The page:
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A team of researchers at Rockefeller University has discovered a new family of antibiotics by conducting a genetic study of a wide range of soil microorganism antibiotics. In their paper published in the journal Nature Microbiology, the group describes their study and how well samples of the new antibiotic worked in rats.
Bacteria are evolving to become drug resistant, making it increasingly difficult to treat people with bacterial infections. Because of this, scientists the world over are looking for new antibiotics. In this new effort, the researchers studied microorganisms that live in soil as a possible source of new antibiotics—in order to survive, they, too, must have some means of fighting off bacterial infections.
Researchers - Soil - Samples - Daptomycin - Form
The researchers collected soil samples, then picked an antibiotic, daptomycin, to serve as a form of guide. It uses calcium to disrupt bacterial cell walls, killing the cells. The team then used DNA information that encodes for production of the antibiotic in daptomycin as a guide as they studied the genomes of antibiotics used by microorganisms in over 2000 soil samples. They came across a new family of antibiotics, one they named malacidins—they fight off infections by using calcium to disrupt bacterial cell walls. The team notes that unlike other antibacterial agents, the calcium does not cause the walls to leak, but instead disrupts their behavior in other ways.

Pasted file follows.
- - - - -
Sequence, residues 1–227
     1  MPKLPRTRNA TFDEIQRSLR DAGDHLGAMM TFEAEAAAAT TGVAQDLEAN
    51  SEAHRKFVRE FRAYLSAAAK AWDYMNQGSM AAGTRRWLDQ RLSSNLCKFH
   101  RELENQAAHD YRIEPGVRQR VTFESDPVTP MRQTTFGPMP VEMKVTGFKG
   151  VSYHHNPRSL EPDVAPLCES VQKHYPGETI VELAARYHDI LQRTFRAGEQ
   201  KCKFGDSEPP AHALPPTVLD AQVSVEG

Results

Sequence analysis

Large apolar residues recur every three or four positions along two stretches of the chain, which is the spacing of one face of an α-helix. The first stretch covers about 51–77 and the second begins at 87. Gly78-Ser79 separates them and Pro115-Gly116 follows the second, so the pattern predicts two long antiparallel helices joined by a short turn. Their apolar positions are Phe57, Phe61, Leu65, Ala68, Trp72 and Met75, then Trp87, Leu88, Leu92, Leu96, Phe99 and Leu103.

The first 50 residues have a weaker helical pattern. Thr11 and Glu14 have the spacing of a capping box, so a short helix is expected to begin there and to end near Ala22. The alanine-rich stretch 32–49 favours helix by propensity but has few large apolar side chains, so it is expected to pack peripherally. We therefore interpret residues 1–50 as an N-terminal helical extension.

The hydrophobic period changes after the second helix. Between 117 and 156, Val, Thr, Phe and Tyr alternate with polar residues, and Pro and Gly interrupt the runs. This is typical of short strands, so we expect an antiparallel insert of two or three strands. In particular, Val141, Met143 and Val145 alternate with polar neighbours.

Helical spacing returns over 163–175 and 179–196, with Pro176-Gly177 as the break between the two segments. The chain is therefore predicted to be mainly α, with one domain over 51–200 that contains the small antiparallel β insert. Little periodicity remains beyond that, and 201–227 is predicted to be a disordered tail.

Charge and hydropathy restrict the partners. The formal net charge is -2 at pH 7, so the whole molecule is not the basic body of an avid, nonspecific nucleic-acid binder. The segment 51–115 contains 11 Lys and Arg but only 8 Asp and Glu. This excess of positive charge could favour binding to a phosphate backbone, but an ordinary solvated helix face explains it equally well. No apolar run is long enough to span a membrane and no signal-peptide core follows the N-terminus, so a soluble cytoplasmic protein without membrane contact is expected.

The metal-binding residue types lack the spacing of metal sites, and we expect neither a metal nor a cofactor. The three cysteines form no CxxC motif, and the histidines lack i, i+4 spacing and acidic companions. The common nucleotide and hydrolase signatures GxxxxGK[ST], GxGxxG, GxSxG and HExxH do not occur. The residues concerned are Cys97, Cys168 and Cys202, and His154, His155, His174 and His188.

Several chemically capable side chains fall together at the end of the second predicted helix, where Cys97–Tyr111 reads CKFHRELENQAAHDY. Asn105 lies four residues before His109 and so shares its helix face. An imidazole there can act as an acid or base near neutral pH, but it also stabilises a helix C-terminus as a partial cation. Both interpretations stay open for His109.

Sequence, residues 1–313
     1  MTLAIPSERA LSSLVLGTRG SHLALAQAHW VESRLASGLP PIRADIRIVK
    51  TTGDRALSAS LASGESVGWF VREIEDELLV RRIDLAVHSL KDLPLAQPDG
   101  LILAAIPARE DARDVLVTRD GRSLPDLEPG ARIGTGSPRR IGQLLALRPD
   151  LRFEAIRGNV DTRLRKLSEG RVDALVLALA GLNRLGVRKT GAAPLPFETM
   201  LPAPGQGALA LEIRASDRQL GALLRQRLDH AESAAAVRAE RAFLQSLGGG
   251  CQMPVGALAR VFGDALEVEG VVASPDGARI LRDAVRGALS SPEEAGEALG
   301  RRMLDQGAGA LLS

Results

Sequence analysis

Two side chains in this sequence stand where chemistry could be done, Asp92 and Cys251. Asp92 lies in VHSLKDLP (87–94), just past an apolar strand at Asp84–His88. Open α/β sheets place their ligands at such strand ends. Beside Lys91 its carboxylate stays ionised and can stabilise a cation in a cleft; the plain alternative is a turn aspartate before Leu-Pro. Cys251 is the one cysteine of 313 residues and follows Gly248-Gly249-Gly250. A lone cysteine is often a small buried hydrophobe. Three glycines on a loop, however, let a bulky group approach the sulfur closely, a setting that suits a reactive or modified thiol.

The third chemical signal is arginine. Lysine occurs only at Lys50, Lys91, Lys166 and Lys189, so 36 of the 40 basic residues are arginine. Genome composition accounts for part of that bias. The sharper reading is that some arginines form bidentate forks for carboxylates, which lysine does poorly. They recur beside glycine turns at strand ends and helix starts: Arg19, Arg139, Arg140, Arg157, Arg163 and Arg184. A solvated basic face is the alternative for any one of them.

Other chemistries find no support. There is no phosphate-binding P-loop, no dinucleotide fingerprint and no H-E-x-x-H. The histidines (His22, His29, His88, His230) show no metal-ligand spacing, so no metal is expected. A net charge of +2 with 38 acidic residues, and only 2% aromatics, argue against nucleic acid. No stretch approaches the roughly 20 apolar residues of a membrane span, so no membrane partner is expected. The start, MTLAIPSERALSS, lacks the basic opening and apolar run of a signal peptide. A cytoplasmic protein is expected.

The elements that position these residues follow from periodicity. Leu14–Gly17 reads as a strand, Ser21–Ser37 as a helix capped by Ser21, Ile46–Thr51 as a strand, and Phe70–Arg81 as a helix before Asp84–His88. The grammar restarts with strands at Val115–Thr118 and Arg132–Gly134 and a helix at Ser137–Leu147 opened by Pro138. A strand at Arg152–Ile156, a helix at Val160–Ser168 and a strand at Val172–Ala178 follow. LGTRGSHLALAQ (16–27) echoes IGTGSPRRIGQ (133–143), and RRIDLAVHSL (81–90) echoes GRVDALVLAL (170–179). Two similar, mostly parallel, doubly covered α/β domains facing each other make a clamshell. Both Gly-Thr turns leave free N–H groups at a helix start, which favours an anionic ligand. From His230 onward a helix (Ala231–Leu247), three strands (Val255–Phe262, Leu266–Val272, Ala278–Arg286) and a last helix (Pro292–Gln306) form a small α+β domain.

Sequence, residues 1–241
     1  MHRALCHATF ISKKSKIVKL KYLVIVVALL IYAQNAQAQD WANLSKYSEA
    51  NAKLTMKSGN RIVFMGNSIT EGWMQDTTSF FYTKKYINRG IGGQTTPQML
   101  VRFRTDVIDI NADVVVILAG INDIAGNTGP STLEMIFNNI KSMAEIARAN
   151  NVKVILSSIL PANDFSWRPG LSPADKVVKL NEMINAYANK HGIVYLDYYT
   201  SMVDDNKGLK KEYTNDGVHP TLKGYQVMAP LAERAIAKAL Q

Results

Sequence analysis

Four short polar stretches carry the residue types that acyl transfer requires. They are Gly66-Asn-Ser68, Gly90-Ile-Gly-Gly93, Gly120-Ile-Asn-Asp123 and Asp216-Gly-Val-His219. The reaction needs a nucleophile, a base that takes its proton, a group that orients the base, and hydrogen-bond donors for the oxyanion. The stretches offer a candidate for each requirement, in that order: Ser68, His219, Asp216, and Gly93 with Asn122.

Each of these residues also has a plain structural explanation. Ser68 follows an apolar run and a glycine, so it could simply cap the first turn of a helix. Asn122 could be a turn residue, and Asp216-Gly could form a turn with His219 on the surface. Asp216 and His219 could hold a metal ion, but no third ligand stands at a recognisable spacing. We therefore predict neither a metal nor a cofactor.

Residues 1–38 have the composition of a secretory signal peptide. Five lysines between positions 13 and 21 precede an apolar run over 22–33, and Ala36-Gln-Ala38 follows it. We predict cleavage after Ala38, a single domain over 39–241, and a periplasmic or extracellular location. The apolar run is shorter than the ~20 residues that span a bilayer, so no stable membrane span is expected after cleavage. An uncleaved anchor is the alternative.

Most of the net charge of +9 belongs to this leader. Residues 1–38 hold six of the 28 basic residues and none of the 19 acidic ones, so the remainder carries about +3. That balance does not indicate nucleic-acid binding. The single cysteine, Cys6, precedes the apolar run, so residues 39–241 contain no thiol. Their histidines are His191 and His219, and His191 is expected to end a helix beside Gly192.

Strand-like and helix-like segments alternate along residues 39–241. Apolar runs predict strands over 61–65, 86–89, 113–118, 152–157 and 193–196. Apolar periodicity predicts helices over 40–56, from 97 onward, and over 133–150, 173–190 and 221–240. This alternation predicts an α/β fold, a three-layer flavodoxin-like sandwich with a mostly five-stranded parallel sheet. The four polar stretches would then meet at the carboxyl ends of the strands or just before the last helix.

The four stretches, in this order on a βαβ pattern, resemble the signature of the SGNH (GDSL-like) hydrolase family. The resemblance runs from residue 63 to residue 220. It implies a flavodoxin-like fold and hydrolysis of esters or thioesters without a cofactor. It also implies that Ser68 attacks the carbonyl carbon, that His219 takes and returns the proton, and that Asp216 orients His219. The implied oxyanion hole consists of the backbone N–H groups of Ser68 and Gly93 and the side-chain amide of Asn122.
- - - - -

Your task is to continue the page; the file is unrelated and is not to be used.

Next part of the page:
To see how well the newly discovered antibiotics might work, the team tested some samples on rats that with induced MRSA skin infections. They report that the antibiotics completely eliminated the bacteria. The team also put the antibiotics through testing to determine whether bacteria could become...
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